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Charita Goshay

Being able to write for a living reminds me daily that we are not all in this together.

We are not all in this together, not in terms of fairness, or sacrifice, suffering and duress.

We’re all old enough to remember when nurses, doctors and other medical professionals were lionized as heroes. Now comes word that some hospitals are quietly ending “hero” pay for these workers, even as cases re-surge and PPE is again becoming scarce.

Though the majority of COVID-related deaths are nursing-home residents, the second-largest demographics are Black and Latino “essential workers” who can’t stay at home behind a laptop.

They are bus drivers, nurses’ aides, cashiers, waitresses and assembly-line workers stationed shoulder-to-shoulder in violation of CDC guidelines for social distancing.

Meat and poultry plants are wallowing in profits while their workers — mostly immigrants — barely are making a living wage, and are steadily losing basic safety protections.

We are not all in this together.

Last week, the president’s favorite daughter introduced “Find Something New,” a campaign encouraging unemployed Americans to consider rebooting their lives through re-training and education.

On paper, and in a perfect world, it’s not a bad idea, but Ivanka Trump Kushner is the absolute last person who should be promoting it.

She’s never missed a meal or a bill in her life. She’s never had to scramble for a babysitter, or pray that the car would start — please God, one more time — when she finished her shift.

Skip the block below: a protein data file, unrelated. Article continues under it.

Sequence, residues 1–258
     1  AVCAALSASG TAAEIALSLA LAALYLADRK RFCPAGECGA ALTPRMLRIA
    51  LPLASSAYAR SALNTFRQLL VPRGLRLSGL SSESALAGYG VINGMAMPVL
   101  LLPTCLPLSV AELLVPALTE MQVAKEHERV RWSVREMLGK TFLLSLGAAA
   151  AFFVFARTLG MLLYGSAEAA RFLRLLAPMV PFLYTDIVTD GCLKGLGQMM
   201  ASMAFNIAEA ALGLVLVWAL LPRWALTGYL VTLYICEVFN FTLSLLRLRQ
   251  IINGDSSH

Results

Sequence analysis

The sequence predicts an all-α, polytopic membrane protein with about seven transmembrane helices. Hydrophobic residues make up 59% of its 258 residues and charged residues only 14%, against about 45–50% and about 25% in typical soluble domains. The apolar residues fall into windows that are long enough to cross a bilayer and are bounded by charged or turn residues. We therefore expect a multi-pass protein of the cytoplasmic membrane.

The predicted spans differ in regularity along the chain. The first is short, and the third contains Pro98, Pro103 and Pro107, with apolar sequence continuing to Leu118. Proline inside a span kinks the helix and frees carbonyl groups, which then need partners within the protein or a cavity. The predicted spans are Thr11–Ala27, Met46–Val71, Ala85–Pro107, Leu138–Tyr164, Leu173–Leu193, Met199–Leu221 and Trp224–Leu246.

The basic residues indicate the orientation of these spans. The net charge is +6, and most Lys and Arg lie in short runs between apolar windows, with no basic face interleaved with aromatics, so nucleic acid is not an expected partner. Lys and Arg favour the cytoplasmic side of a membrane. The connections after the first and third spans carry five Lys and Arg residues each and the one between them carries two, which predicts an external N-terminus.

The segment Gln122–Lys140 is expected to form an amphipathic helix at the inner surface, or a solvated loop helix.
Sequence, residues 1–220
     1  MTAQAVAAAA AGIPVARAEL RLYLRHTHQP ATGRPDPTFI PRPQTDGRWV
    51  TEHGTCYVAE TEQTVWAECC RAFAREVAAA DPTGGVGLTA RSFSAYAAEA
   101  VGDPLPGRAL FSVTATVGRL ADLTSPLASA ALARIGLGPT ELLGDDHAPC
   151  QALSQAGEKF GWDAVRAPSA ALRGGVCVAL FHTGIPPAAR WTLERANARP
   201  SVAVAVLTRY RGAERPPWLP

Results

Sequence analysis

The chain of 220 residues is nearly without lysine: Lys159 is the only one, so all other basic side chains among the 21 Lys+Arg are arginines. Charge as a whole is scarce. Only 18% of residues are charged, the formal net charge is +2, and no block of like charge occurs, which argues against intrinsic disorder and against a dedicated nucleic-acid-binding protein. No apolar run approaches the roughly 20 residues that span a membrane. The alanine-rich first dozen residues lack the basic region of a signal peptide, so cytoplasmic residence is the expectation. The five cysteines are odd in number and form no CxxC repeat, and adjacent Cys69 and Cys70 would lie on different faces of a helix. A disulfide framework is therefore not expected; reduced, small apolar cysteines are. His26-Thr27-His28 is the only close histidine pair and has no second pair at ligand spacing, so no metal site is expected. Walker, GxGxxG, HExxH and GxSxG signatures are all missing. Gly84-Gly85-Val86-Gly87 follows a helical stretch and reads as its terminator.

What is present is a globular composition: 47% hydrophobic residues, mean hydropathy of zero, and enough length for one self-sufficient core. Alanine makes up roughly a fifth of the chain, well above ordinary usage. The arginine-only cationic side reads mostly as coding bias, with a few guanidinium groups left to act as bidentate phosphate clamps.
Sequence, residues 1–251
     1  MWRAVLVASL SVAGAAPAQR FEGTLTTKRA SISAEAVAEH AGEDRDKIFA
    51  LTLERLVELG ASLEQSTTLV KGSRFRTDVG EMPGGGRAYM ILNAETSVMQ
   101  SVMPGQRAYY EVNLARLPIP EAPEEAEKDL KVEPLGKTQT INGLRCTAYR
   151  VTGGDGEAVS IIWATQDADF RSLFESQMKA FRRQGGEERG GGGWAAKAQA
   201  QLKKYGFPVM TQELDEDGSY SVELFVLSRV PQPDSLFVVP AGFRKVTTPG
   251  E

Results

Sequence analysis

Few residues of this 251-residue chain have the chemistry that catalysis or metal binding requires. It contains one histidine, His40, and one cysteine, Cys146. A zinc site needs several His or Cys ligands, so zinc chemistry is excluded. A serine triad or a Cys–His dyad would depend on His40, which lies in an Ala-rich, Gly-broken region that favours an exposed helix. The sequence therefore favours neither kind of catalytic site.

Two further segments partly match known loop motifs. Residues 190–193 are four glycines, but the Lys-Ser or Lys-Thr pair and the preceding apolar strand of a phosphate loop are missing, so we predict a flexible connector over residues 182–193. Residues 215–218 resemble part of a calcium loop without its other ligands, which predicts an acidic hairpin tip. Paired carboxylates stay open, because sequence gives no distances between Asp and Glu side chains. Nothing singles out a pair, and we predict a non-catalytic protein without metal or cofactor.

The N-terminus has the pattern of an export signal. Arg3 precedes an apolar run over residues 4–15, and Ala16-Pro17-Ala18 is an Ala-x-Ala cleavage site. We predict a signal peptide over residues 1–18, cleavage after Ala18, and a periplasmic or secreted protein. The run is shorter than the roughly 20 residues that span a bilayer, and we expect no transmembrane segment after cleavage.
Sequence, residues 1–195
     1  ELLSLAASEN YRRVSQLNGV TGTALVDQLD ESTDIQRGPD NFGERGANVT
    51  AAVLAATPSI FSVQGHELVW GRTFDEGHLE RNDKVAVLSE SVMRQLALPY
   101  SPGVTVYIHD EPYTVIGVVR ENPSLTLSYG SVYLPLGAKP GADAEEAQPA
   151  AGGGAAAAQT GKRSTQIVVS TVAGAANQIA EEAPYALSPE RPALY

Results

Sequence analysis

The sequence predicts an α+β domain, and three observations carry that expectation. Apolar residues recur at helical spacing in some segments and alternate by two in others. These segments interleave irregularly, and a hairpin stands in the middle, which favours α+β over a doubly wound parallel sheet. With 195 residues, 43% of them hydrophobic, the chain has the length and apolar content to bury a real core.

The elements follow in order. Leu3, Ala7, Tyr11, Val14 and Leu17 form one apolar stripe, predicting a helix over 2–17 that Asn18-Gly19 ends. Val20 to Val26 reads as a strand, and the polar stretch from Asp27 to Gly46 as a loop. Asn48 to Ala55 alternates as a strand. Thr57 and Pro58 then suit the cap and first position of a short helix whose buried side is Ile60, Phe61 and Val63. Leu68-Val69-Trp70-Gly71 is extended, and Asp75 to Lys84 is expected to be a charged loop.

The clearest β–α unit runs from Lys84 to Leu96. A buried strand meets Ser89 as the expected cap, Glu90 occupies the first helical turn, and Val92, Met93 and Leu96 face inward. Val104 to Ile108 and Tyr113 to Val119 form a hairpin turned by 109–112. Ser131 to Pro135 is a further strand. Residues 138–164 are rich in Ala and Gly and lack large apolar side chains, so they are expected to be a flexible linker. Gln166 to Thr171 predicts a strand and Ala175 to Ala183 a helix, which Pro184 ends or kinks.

She’s never had to stretch a can of beans or feed her kids from a “dollar” menu because it’s filling and cheap.

If she wants to help, she should be using her star power to buttonhole America’s CEOs into seeing the value of investing in pay equity and day care.

An estimated 40% of day care centers may not reopen, putting thousands of parents who must work in dire straits.

It’s long past time for employers to offer in-house services or day care as a shared-cost benefit like insurance or vision care.

Always keep in mind that the talking heads on cable TV who are braying that it’s time for America to get back to work and school are broadcasting from their homes, where their groceries are delivered and live-in nannies are fixing their children’s lunch.

We are not all in this together.

The members of America’s new Gilded Age are making a killing from investments in pharmaceuticals and companies manufacturing personal protection equipment here and in China.

In comparison, the people to whom these new-money billionaires entrust their children and parents are making an average of $12 to $14 an hour, according to the U.S. Census.

Pew Research notes that wages for working people have been stagnant for decades: “After adjusting for inflation; however, today’s average hourly wage has just about the same purchasing power it did in 1978.”

We are not all in this together.

A number of companies that are doing well recently raked in millions through government programs designed to keep small businesses alive. A few were too embarrassed to keep it — but not all, while thousands of small businesses already approved have yet to receive help.

Meanwhile, some in Congress, which meets about 140 days a year, are balking at a second round of stimulus checks and at extending unemployment benefits, for fear it will encourage and foster laziness.

Meanwhile, 5 million Americans have lost their health insurance ... in the middle of a pandemic.

We are not all in this together.

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Charita M. Goshay is a nationally syndicated columnist for Gatehouse News Service. She is a native of Canton, Ohio, and a graduate of Kent State University where she majored in communications. Goshay has been employed at the Canton Repository since 1990. She can be reached at charita.goshay@cantonrep.com.

Editor

I have been editor of the Rockdale Citizen since 1996 and editor of the Newton Citizen since it began publication in 2004. I am also currently executive editor of the Clayton News Daily, Henry Daily Herald and Jackson Progress-Argus.

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